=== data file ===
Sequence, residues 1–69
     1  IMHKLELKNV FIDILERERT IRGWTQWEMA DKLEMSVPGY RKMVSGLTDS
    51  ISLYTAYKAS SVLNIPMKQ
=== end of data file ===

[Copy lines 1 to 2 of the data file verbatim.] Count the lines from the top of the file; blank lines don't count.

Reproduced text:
Sequence, residues 1–69
     1  IMHKLELKNV FIDILERERT IRGWTQWEMA DKLEMSVPGY RKMVSGLTDS